Deal Or No Deal — A Reprise


A number of years ago a pastor, Mike Erre, spoke at my church from Ephesians, explaining that the book can be divided into two sections—the indicative that makes statements about who the Christian is and how we relate to God, and the imperative that gives us commands to do to live up to our identity.

In the section that enumerates the believer’s standing as a child of God, there is only one command: remember. I think that’s cool! First, before all else, we need to be grounded in who God is and who we are as a result of our relationship with Him.

The book pivots in chapter four when Paul shifts to the imperatives. This, by the way, is a common pattern in the Pauline epistles.

In verse one of this section Paul says

Therefore I, the prisoner of the Lord, implore you to walk in a manner worthy of the calling with which you have been called

So here’s where the commands start. But it’s easy for us to get off on the wrong foot. We can take this idea of walking in a manner worthy of the calling as our marching orders to pay God back for the kindness of salvation. He gave so much to us, so now we owe Him.

No. Christ’s “death on our behalf was a gift, not a deal.”

Love that!

The pastor illustrated the point then, with the analogy of a man becoming a husband. At a wedding, as soon as the minister pronounces the couple, husband and wife, the man doesn’t start doing husbandly things in order to become a husband. He already is a husband. From that point on, he’s trying to live up to the role he already has.

Same with becoming a father. When his baby is born, he is a father. His doing his fatherly duties is not his attempt to earn his place as his child’s father. That is his already. Instead, he wants to learn to do fathering the right way.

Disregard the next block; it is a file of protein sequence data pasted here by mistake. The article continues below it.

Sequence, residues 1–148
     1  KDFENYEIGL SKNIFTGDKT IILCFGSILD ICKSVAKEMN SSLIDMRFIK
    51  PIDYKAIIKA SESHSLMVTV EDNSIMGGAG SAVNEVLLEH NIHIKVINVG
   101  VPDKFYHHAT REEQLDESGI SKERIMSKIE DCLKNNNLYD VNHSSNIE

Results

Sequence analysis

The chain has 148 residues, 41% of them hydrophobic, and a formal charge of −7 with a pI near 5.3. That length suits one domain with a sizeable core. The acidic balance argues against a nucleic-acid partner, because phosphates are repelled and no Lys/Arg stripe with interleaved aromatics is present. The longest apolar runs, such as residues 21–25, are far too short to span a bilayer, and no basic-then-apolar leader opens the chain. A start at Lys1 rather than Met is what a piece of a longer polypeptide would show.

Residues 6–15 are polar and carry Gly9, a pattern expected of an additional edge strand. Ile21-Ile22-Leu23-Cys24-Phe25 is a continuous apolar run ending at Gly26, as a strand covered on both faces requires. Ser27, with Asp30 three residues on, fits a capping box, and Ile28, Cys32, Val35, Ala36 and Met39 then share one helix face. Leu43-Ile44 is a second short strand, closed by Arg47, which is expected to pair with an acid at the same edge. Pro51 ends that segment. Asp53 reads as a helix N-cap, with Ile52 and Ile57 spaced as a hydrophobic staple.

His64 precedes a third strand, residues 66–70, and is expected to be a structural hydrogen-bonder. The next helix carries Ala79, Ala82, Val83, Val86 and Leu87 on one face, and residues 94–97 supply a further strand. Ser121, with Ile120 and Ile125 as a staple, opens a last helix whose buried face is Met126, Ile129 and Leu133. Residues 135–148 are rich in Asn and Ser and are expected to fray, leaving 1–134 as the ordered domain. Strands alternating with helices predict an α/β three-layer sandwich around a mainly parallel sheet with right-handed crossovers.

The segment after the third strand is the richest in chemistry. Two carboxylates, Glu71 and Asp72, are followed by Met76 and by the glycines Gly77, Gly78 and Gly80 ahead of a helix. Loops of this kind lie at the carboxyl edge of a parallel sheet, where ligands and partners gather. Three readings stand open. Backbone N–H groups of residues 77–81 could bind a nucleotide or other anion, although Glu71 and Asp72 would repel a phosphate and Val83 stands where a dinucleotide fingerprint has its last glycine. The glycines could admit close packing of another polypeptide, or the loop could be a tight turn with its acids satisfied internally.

So too with the believer. We are in Christ, part of the body of Christ, and with that position come many awesome advantages. Then Paul says, we are to walk worthy of the calling. We are to learn how to live the role, “child of God.”

One last thing. The command in Exodus 20:7 about not taking the name of the Lord in vain, connotes in the original text the idea of carrying His name. I found that to be interesting because the Jews literally did wear the Scriptures. But for us, the idea is that we bear the name of Christ, and we are not to do that in a worthless way.

I thought of several things, one being those people who will say to Christ, Lord, Lord, we cast out demons in your name and healed in your name, but He’ll say, depart, I never knew you. Those, I would think, are people who have Christ’s name on their lips but their hearts are far from Him.

But I also thought of how I live my life covering up my identity. I used to refer to my teen years as ones in which I lived as an undercover Christian. The pastor said that living worthy of our calling means we give up the privilege of being anonymous.

When I first started teaching, it was disconcerting when I was out and about with my friends and ran into some of my students or their parents. I’d flash back to what I was doing right before I realized they saw me. Had I done anything stupid or un-teacherly? Had I lost respect because I was clowning around or grousing at some store clerk?

In essence, I was living anonymously, not as a teacher who should set an example for her students, until I realized I’d been recognized.

As a Christian, if I’m walking worthy of my calling, I won’t take time out to live anonymously. I’ll happily bear the mark of Christ, carry His name with me wherever I go.

This post is a revised version of an article that first appeared here in June, 2012.

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Published in: on July 16, 2018 at 4:47 pm  Comments Off on Deal Or No Deal — A Reprise  
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